Maybe millions of people across the U.S. started using Vista, hated it, and bought a Mac because they've heard such great things about it. Or maybe they decided to ignore Vista when they needed a new computer because of all the bad PR and tried out the Mac instead.
But once the enterprise starts adopting Windows 7--and it will--consumer converts will realize that the new Microsoft system is an outstanding product that not only improves the Windows experience but actually eclipses Mac OS X's.
Apple's popularity in the market won't change, regardless of Windows 7, and undoubtedly, there will be a slew of people who will buy Macs because of their affinity for their iPod and iPhone. Regarding those people, Microsoft never stood a chance.
But it's the average consumer--the person who doesn't follow the tech world, doesn't know why so many people hate Microsoft, doesn't understand the basic difference between Mac OS X and Windows, and simply doesn't care about tech, as long as it works--who will consider the alternatives. She will read about Windows 7 on sites like this, examine the price differences between a MacBook Pro and the latest-and-greatest Hewlett-Packard notebook, use Windows 7 at work, and then pick Microsoft's product over Apple's up for personal use.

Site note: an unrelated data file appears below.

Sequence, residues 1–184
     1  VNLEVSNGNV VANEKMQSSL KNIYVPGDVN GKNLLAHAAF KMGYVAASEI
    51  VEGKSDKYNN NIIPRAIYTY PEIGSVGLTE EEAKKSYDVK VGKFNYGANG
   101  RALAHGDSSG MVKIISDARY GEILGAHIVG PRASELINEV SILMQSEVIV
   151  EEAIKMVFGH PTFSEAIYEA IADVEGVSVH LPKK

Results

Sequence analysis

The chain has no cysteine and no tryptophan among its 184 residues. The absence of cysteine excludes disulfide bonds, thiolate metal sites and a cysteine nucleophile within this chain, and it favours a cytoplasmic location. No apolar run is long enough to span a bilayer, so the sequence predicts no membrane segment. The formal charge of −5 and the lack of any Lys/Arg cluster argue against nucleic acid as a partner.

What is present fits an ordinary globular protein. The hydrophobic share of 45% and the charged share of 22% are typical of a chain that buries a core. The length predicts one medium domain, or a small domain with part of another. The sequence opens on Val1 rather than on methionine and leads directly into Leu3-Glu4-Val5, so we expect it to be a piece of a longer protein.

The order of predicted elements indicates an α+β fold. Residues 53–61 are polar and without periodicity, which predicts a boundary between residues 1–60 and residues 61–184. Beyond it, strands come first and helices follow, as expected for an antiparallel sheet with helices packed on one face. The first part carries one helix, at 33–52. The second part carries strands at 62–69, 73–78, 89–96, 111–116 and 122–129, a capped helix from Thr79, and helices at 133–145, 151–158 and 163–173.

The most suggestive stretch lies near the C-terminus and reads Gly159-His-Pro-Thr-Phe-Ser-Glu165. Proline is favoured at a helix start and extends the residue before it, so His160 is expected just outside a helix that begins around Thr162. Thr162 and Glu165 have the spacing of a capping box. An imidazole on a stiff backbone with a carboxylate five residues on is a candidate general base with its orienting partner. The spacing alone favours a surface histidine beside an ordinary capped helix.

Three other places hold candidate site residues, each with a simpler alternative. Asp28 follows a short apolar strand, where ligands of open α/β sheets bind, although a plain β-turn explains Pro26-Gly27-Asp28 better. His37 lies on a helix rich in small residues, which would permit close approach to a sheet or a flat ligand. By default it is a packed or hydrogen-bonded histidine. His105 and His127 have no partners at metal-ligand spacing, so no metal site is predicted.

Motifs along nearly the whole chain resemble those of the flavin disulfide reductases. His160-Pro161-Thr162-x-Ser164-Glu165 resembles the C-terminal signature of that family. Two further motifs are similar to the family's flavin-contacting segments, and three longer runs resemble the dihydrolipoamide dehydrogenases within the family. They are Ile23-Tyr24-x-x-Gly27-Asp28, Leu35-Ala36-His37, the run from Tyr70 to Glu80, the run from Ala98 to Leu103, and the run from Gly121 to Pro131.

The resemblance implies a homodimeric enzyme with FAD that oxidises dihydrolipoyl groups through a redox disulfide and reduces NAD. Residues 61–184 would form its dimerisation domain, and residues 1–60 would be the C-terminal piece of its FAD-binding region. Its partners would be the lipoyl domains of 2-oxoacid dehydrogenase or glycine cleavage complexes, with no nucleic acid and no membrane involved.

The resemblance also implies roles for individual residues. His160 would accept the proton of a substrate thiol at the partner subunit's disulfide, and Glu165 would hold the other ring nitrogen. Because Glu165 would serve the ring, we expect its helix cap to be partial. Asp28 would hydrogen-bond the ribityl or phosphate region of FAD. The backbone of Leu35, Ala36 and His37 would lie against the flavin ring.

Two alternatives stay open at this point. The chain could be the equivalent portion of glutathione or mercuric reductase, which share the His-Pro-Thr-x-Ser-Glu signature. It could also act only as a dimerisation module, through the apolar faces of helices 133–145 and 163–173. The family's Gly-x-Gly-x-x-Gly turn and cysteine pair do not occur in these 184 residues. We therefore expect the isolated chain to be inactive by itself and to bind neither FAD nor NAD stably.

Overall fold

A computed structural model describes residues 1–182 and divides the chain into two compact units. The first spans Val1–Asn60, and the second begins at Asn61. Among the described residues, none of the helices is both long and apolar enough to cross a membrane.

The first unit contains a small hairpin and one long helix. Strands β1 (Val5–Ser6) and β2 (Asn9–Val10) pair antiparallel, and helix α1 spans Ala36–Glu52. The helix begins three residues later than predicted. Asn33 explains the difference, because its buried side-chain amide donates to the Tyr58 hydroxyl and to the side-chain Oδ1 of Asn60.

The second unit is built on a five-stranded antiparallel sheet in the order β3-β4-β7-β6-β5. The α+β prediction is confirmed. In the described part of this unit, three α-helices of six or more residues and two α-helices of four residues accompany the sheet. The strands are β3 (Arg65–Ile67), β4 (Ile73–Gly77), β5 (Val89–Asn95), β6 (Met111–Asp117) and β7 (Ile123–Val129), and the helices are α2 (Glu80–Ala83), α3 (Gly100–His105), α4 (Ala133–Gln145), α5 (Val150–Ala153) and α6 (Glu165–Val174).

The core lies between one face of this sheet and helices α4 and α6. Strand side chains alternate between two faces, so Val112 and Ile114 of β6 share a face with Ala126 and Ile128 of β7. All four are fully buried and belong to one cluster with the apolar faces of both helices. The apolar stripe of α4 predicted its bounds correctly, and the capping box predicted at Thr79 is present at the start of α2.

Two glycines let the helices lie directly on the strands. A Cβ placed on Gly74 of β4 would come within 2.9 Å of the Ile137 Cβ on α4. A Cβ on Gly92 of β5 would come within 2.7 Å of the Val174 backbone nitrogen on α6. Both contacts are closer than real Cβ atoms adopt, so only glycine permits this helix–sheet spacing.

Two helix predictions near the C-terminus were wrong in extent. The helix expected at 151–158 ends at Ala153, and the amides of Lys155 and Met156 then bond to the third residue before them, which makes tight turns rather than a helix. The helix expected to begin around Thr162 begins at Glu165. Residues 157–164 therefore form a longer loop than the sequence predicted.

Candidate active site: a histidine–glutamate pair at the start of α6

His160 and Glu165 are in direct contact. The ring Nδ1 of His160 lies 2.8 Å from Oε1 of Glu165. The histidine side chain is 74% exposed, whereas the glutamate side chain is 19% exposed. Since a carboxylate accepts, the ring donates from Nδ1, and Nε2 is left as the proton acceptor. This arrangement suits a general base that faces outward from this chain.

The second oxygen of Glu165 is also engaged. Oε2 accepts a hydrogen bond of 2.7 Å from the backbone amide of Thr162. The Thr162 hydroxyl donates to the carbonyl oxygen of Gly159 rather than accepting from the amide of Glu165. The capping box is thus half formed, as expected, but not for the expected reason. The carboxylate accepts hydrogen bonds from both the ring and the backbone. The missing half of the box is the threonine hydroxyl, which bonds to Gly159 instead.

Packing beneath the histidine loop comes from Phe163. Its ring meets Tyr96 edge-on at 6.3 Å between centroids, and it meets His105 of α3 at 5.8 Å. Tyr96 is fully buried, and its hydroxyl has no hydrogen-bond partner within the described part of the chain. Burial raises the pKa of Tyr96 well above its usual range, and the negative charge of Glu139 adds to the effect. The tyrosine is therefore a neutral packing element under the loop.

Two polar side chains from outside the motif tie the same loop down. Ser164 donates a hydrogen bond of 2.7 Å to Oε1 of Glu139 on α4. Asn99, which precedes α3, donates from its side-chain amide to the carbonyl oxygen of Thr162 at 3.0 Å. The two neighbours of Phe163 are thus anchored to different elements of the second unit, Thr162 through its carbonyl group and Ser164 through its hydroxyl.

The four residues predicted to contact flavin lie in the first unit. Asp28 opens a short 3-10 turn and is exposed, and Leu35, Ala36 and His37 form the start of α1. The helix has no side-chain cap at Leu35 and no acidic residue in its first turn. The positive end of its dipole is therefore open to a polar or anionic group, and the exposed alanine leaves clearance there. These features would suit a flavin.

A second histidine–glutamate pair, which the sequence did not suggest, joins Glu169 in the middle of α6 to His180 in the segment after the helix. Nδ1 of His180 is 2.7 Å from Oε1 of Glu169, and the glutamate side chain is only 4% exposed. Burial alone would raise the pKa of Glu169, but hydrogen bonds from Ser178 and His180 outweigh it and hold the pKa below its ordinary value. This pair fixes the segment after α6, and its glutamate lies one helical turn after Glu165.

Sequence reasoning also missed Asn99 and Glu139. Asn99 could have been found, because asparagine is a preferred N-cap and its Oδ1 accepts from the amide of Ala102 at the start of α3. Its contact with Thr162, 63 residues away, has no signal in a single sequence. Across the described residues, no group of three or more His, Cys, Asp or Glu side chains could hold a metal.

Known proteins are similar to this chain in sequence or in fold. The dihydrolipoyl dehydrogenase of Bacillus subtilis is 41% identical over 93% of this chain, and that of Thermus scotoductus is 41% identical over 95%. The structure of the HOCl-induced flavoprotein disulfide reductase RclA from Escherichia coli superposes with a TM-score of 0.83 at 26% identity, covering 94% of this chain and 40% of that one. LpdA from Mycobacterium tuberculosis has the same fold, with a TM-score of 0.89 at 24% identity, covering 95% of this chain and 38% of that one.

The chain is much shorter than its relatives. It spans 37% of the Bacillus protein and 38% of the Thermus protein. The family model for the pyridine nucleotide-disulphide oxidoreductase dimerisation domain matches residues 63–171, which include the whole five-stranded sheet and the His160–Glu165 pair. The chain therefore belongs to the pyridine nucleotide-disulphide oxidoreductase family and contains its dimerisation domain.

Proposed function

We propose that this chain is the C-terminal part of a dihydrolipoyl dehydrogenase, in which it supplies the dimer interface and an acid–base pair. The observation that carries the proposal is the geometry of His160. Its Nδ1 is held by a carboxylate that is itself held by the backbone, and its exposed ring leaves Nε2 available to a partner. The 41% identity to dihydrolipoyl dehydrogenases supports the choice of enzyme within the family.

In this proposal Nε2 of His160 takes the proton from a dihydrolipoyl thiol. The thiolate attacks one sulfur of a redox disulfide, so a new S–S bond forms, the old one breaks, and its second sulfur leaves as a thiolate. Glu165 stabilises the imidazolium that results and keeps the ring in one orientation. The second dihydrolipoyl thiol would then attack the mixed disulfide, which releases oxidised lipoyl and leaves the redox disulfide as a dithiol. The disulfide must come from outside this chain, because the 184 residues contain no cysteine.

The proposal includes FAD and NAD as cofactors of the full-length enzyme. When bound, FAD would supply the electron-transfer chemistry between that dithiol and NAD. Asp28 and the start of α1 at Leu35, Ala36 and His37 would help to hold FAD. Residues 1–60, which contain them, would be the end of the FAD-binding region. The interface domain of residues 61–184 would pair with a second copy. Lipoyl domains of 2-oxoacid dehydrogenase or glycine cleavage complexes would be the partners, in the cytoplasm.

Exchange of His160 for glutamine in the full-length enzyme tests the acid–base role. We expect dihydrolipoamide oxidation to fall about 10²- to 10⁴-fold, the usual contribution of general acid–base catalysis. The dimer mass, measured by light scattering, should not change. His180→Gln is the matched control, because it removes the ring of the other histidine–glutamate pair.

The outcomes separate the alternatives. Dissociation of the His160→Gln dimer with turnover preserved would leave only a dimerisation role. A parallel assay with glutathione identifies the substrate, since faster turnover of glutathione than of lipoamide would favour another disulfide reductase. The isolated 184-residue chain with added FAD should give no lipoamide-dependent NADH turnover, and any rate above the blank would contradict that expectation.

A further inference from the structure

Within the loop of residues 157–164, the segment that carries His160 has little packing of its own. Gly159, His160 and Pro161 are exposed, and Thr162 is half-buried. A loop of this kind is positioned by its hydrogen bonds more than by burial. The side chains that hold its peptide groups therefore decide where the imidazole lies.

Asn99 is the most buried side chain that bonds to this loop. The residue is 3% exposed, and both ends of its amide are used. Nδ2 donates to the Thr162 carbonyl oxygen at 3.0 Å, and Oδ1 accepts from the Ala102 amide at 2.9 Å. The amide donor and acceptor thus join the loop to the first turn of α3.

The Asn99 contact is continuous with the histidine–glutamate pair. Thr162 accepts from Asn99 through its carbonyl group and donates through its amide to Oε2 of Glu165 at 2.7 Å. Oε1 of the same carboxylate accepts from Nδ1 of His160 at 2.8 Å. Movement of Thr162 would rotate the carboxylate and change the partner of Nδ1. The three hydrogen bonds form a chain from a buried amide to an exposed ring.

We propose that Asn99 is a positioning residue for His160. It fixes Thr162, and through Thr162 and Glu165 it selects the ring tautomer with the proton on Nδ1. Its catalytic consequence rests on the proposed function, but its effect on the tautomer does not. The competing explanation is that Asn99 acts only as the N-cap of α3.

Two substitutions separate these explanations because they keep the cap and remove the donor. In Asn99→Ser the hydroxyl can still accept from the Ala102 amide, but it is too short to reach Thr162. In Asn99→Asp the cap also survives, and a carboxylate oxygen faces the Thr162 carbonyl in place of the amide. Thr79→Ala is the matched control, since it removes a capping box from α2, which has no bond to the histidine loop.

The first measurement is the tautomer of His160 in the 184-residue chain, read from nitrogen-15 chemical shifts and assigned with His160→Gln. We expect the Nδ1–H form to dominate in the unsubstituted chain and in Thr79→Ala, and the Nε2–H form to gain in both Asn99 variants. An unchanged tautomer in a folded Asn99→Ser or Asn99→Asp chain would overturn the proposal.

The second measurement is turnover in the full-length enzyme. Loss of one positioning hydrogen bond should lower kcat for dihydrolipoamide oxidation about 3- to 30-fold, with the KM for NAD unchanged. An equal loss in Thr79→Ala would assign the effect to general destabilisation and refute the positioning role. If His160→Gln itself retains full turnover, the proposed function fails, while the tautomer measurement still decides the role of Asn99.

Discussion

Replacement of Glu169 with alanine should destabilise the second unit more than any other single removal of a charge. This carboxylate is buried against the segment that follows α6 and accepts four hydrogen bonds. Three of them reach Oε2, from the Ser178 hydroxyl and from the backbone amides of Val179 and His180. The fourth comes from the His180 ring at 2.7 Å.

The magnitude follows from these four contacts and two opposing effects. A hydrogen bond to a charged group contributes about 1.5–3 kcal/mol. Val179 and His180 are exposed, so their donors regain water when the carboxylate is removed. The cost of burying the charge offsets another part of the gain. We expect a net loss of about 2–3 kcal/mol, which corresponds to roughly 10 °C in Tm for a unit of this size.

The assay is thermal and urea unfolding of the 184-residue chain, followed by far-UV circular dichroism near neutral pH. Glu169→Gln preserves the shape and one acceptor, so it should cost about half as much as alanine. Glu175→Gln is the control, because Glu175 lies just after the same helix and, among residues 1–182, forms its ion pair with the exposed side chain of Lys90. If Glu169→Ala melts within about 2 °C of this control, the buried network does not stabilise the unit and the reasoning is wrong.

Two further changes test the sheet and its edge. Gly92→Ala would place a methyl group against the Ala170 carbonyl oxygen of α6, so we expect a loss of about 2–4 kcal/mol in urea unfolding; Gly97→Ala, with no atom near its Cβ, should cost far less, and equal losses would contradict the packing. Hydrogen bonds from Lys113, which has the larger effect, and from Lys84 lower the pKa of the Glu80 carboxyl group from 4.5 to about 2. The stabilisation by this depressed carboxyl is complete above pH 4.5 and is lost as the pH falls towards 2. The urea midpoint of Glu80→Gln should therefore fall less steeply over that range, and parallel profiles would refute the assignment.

In the process, Mac converts who moved to Mac OS X out of sheer hatred for Vista might start making their way back to the Windows world, after they hear great things about Microsoft's latest operating system.
As a person who performs almost every computing task on a Mac and tells anyone who will listen that at this point, the average consumer should be using a Mac instead of a Windows machine because of security and usability, I'm starting to prep myself for the single moment that I thought would never come: I'll be using a Windows 7 machine as my main computer and telling anyone who will listen that, believe it or not, using the latest Microsoft operating system really is worth it.
Now excuse me while I go outside to take some pictures of those pigs flying around my house.